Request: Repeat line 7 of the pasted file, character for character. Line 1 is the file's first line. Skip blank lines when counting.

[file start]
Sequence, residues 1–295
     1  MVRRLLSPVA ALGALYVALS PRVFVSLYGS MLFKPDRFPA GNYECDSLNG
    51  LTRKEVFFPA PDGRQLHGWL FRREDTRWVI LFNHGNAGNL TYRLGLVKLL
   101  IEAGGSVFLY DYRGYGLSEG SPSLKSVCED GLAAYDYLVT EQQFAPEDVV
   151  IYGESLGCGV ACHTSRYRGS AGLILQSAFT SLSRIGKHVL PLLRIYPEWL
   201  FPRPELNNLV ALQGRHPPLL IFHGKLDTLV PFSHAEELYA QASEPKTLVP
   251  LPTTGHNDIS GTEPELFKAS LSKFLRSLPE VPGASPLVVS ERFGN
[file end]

   251  LPTTGHNDIS GTEPELFKAS LSKFLRSLPE VPGASPLVVS ERFGN